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5 Tips For Product Interviews
Advice for interviewing can be overly complicated. If you read all the books and articles, you can get bogged down quickly. Nevermind applying it.
I can remember early in my career getting many books on product interviews. I prepared endlessly for many questions that never came and topics that most interviewers never brought up.
It’s certainly better to be over-prepared than under-prepared, but you have finite resources, especially your time. So don’t spend them on things that won’t matter. Focus on the most important areas, where you will get the best return for your investment. That will mean understanding the company you’re talking to and understanding your work deeply, so you can tie them together, and being able to edit it down to give succinct, relevant responses.
Understand The People
Everything begins and ends with people. And while you may interview at a company, that company is comprised of people. So understand them, who works there, what they are trying to accomplish, what issues they have, and what kind of culture they are creating. Even better if you can understand the specific people you will interview with.
Empathize with your interviewers and future coworkers. Interviewing is difficult for everyone. How can you make it easier? That goes both ways too. As an interviewer, remember to empathize with those in the hot seat. It’s difficult to be asked lots of questions and have your hopes for a new role riding on the decision of a few people.
Prepare Your Stories
Product is about storytelling. Interviewing for product is about storytelling squared. You should know the stories you want to tell. You should know the most common interview questions and how you can you can craft stories from your career and your experience around them. This isn’t about using a specific framework (though that may be helpful if it is simple), but is about the problem you faced, what you did, the outcome that created, and why your interviewer should care.
So maybe that’s the framework right there. But it’s a story. And you can use it for a variety of questions. If they ask for a time you faced a problem with a coworker, or a problem with a product, or a problem with XYZ, those may be variations on a similar story. So be prepared with your stories.
Practice Out Loud
It helps to practice out loud. Telling your stories out loud will help you refine them much better than only thinking them through or writing them down. You don’t need to memorize them, but practicing them will help solidify them and help you edit them for content and length.
You can record yourself and listen. If you haven’t done that before, it will be revealing. The first time I listened to myself recorded, it was the awful. I used so many filler words and struggled to get to the point. I still do, but I’ve gotten much better.
Give the Punchline
Every story should have a good punchline. Before you go into an interview, think about two or three key takeaways you want the interviewer to get from you and make sure you drive those home. Are you extremely experienced at machine learning algorithms? Drive that point home. Are they struggling with go-to-market strategy and you’ve excelled at that in your past two roles? Perfect.
Every story should have a punchline as well. If you were to tweet it out, what is the 140 character takeaway you want to give? Make sure you can do that, and leave the interviewer with the tl/dr version.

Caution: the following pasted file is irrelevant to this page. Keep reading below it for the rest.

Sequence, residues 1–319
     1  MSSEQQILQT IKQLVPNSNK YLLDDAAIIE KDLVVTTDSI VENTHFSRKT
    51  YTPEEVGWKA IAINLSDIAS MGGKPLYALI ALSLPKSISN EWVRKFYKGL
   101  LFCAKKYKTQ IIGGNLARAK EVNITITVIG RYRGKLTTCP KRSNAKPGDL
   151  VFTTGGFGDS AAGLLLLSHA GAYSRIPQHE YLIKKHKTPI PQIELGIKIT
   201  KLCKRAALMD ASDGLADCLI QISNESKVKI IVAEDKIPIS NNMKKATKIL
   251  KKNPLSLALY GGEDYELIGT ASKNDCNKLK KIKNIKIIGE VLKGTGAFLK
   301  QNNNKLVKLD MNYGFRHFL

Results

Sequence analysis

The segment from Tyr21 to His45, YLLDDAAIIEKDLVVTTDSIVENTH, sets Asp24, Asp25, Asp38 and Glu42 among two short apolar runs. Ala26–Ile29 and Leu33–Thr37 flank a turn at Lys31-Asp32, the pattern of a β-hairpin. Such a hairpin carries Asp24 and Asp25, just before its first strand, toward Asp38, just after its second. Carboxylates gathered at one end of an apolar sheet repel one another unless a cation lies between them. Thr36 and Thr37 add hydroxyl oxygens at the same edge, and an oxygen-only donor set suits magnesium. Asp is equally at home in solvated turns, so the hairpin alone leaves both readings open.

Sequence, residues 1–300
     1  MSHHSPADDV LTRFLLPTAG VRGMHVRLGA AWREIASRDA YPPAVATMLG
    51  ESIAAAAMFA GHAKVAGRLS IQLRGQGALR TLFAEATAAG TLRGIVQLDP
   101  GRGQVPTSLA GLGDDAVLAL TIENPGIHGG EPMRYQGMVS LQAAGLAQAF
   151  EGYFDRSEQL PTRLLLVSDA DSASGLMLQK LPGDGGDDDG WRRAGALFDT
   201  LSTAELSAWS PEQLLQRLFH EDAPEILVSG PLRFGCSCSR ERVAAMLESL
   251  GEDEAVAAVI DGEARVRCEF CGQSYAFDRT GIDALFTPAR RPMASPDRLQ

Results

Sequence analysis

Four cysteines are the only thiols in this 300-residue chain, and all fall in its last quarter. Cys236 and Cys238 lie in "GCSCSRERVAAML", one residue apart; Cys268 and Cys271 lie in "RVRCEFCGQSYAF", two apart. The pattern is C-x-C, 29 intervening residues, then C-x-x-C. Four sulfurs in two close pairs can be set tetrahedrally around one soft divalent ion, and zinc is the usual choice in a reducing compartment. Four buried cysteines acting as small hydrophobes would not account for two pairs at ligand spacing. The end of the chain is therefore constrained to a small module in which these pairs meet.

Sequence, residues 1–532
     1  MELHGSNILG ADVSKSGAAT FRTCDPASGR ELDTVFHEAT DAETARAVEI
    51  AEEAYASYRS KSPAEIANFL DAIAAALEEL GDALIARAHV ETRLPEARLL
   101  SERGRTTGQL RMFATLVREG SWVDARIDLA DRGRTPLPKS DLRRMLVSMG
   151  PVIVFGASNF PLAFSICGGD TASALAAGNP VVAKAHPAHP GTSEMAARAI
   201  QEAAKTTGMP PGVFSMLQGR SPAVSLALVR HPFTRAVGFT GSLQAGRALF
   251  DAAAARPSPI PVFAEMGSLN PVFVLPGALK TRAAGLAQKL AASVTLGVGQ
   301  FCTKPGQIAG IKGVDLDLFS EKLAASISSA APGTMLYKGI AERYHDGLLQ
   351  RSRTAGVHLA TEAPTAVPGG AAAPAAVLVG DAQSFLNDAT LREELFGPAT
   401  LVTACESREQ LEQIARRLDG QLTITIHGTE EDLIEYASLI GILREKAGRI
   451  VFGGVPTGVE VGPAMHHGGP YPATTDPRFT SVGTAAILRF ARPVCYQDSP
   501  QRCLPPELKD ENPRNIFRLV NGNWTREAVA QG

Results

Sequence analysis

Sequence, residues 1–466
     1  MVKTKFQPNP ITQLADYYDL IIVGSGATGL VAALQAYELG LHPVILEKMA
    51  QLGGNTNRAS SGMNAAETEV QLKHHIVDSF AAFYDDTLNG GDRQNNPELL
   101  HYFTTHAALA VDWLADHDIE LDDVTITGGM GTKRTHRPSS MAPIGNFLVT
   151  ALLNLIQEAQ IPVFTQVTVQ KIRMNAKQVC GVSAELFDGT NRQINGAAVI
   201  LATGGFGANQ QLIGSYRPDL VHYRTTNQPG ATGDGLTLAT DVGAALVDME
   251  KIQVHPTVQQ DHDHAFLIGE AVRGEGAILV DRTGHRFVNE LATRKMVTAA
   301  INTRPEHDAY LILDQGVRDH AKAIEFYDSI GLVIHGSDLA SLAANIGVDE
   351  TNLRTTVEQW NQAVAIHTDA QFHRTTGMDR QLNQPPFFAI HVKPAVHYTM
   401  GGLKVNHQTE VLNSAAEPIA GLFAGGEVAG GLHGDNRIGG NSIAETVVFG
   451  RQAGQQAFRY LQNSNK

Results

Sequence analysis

Breathe and Observe
It’s easy to get nervous in an interview, so be sure to slow down, breathe, and observe. Read the room, ask if they have questions, pause for feedback. See if it looks like they are still engaged in your answers or if interest is waning. You want to give long enough responses to answer questions, but don’t go on for so long that interviewers lose interest. They aren’t there for a dissertation on roadmaps. They want to know that you know what you’re talking about so they can make a hiring decision.
If you’re interviewing at a big tech firm (or some other specific companies), you may have a more in-depth product interview where you present on the life-cycle of a product. Usually you’ll know you need to prepare specifically for those types of interviews. They aren’t about stumping you, but about probing the depth of your knowledge. But they fit into the framework above. Just understand you need to go deeper.
Most interviews are about understanding, and you will do well to edit your responses and distill what you know to its core to make it as easy to understand as possible for everyone involved. That’s the mark of someone who really knows what they are talking about: they make everyone smarter.
We also did a deeper dive this past week into interviews, careers, and applying a product mindset to your job search. Check out our latest Product by Design Podcast for this episode - Tips for Product Careers. It was a good one.
Good Articles, Listens & Videos
Back to offices or remote forever? CEOs PressClub (podcast) - A really interesting Clubhouse discussion on remote work and return-to-office/hybrid work. It is going to take several iterations and there really isn't going to be one-size-fits-all. Especially with the number of unknowns.
OKRs: The Good, The Bad, & The Ugly (video) - I presented two weeks ago at the Product-Led Festival. If you are a member, you can watch the replays. If not, I’ve also uploaded it to my YouTube channel so you can watch most of my presentation (without the Q&A).
Job Screening Service Halts Facial Analysis of Applicants (article) - This is from a few months ago, but has been on my mind as I think a lot about AI and job searching. Algorithms are screening more and more, and that will likely continue to grow. While HireVue stopped for now, I can imagine a not-to-distant future where AI makes hiring and firing decisions. Will that be based on facial expressions, intonation, etc? Interesting stuff.